11 March 2012

Videos and vacations

Drunk with the success of adding a sound file last week (well, alright a link to a sound file), I thought I'd try video this week. Here are alder catkins on an early February morning, dangling like gorgeous earrings and moving gently in the morning breeze. This clip runs for less than a minute, and I recorded it on a phone (in February 2011); you'll hear nearby traffic in the background. It's just another way of saying there are things to see and enjoy even in fairly mundane situations.

It's a rough (very rough) approach to what the Quiet American would have us do:
Take a one-minute vacation from the life you are living.
One-minute vacations are unedited recordings of somewhere, somewhen. Sixty seconds of something else. 
Some of the recordings on that site are wonderful. I'd recommend it.

Okay, back from vacations to other places and times, this week saw beautiful weather again, hampered a little for me by a temporary injury that means I can't DIG! And it's March... And every gardener knows that March is when the bug really bites. Happily, my son is doing great work up on the allotment (thanks DM): I'm just pointing at the ground and then retiring home to so some faffing in the garden with a hand trowel. The injury has meant some wakeful nights, one of which gave me the chance to appreciate the garden at night lit by a full moon. It's a different and more enchanting place, accompanied at the moment by the constant rhythm of frog 'song'. The breakfast bench in the garden (it gets the morning sun from April to September) is also perfectly placed to be soaked in moonlight when the time is right. Not bad...

Hellebore Days at Mount Venus Nursery
Other gardening joys this week have been a trip to Mount Venus Nursery for their Hellebore Days - lots of delightful plants on show and, of course, for sale. One of the purchases I made was a beautiful Viola odorata, which I can confirm smells like Love Heart sweets (remember those?) as Monty Don remarks in one of his entries in The Ivington Diaries. It's in the ground already, under the Enkiathus, near the Witch Hazel in the back garden. Hope it settles in well. There'll be other purchases to go in too, and I'm also faced with the dilemma of where to put the lovely Trillium rivale, given to me by a fellow member of the AGS: they're running a mentoring scheme this year and I decided to give it a go (thanks BM). The Trillium and a Draba longisiliqua (the yellow-flowered one in the photo below) are my two trial specimens. I'm a bit nervous about how well, or not, I'll look after them, but I won't learn how to do it unless I give it a go! (There's a glimpse at a poet's view of a Trillium here).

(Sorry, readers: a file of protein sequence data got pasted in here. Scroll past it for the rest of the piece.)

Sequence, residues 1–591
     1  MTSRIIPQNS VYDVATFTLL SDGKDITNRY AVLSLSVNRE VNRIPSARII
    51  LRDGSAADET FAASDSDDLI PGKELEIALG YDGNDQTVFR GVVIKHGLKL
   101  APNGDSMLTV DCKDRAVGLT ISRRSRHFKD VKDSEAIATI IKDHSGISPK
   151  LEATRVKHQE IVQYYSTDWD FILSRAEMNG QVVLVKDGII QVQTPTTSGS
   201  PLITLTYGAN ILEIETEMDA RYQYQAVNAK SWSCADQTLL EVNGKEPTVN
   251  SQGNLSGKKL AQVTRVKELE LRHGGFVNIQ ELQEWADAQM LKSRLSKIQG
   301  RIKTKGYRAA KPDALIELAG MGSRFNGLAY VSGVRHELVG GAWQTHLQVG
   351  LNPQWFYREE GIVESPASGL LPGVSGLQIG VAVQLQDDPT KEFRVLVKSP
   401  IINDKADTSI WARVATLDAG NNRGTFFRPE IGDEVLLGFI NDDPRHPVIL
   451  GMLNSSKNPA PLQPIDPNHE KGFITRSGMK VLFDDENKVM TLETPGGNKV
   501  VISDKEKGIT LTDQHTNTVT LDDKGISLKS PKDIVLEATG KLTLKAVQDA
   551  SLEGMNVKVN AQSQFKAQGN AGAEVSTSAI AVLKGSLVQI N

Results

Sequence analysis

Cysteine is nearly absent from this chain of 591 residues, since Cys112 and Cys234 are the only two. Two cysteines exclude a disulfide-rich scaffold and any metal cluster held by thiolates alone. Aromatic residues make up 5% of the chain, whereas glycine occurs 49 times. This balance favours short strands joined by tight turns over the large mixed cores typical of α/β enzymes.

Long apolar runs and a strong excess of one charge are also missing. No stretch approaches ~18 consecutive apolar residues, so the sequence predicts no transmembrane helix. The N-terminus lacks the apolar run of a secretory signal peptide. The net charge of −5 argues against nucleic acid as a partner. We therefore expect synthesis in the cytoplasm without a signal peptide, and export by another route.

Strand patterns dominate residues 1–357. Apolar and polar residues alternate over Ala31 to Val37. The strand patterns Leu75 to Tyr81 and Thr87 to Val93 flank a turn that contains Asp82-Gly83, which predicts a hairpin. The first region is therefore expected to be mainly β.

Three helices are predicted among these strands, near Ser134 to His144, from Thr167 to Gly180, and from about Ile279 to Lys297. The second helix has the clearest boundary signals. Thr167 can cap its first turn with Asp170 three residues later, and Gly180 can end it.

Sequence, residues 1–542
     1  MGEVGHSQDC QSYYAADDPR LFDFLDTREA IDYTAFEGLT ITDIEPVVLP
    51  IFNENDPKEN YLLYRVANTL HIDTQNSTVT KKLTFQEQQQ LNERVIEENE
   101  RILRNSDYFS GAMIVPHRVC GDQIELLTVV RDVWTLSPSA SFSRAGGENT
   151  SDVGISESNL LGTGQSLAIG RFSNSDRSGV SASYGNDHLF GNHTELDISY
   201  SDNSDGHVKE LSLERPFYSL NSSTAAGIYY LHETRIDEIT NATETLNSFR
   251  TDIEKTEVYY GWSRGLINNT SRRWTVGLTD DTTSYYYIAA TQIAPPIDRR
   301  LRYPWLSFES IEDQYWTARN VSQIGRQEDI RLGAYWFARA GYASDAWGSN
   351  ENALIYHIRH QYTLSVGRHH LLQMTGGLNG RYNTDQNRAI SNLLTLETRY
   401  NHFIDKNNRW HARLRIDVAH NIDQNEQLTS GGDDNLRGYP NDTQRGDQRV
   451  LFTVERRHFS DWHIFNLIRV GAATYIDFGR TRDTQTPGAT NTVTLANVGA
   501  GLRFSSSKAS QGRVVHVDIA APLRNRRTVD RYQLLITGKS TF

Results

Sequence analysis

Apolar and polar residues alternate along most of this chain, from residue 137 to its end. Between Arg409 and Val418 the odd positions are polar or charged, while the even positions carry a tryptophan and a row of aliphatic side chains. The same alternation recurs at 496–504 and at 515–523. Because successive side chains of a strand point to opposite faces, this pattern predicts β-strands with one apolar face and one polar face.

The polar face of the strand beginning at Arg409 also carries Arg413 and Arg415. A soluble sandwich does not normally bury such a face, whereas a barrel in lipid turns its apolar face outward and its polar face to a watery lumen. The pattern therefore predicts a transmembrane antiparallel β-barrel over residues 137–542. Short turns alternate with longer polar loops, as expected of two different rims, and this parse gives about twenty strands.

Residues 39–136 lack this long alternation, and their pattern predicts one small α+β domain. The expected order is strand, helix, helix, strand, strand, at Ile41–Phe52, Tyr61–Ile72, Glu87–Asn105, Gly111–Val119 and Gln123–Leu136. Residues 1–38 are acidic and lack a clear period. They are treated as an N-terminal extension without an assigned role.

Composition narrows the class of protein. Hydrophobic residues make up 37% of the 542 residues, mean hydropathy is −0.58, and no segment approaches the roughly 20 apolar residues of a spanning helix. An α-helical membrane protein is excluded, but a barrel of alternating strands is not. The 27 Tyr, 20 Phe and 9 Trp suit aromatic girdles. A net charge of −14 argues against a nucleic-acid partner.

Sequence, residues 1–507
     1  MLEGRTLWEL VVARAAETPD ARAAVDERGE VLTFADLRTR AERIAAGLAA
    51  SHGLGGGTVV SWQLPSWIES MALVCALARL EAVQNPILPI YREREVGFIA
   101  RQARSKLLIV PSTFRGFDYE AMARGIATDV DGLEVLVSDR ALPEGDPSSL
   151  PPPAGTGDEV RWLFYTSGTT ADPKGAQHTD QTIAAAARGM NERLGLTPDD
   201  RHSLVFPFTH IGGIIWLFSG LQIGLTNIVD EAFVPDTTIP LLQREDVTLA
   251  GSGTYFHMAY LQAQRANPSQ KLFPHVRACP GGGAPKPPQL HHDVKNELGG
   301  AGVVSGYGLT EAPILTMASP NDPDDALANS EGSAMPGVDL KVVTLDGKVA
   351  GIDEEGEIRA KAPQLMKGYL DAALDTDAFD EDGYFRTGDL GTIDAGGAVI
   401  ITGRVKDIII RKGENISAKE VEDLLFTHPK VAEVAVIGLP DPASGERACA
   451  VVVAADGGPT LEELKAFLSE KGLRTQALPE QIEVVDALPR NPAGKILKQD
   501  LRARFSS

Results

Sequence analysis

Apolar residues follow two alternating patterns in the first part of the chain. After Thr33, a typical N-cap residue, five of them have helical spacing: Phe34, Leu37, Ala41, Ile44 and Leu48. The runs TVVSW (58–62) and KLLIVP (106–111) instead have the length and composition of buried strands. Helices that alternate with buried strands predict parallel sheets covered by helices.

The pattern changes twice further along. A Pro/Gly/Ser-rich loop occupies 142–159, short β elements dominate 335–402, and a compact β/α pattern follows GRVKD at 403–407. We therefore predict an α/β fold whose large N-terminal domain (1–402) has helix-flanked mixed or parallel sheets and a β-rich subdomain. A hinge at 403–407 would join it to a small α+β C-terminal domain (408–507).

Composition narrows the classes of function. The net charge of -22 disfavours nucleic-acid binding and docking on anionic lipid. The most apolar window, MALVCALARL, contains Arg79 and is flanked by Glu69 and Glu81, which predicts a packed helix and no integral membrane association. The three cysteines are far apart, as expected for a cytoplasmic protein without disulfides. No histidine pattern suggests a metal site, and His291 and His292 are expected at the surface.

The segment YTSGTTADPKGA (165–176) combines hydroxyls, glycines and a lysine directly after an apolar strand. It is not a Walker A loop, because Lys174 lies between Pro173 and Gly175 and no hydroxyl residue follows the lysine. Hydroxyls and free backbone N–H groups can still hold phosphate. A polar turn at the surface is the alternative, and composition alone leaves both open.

Alpine and woodland plants surrendered into my care
Away from the garden this week, we ventured down to the shoreline, walking under boulder clay cliffs - left behind tens of thousands of years ago as the glaciers that filled the Irish Sea and covered most of Ireland finally melted, leaving behind a hotch-potch of silt and sand and cobbles and boulders, all dumped unceremoniously and now being scoured by the Irish Sea, bit by crumbling bit.
Boulder clay cliffs
Amazing to think of about two kilometres of ice pressing down on the very point where that photo was taken. The ice that scraped along the Irish Sea has left lots of clues about its journey, of which more another time, but here's one them: a cobble of Carboniferous limestone, 'chock-full of fossils' as our first-year lecturer used to say. Most of them are crinoids, or sea-lilies, close relatives of sea-urchins.

Chock full of fossils
Two things to finish up with this week: one is RED! The friend who owns this sculpture wondered if it would end up in the blog this week (and here it is CQ). Looks rather well in my garden, no? :-) Especially with the quince in blossom in the background. It's there only for a few days before it moves on to its new home; its creator is John Burke, who has well known sculptures around the country.
And finally, in anticipation of a trip to beautiful Donegal next weekend, a 19-second vacation; try this one with headphones if you can.


  1. Lovely multimedia inserts! And how about a weekly mini geology lesson? I'll be keeping my eyes open for boulder clay from now on... Only I don't know if they have any in Den Haag...?

  2. Thanks Aido! Lots of glacial stuff in Holland alright, as far as I know...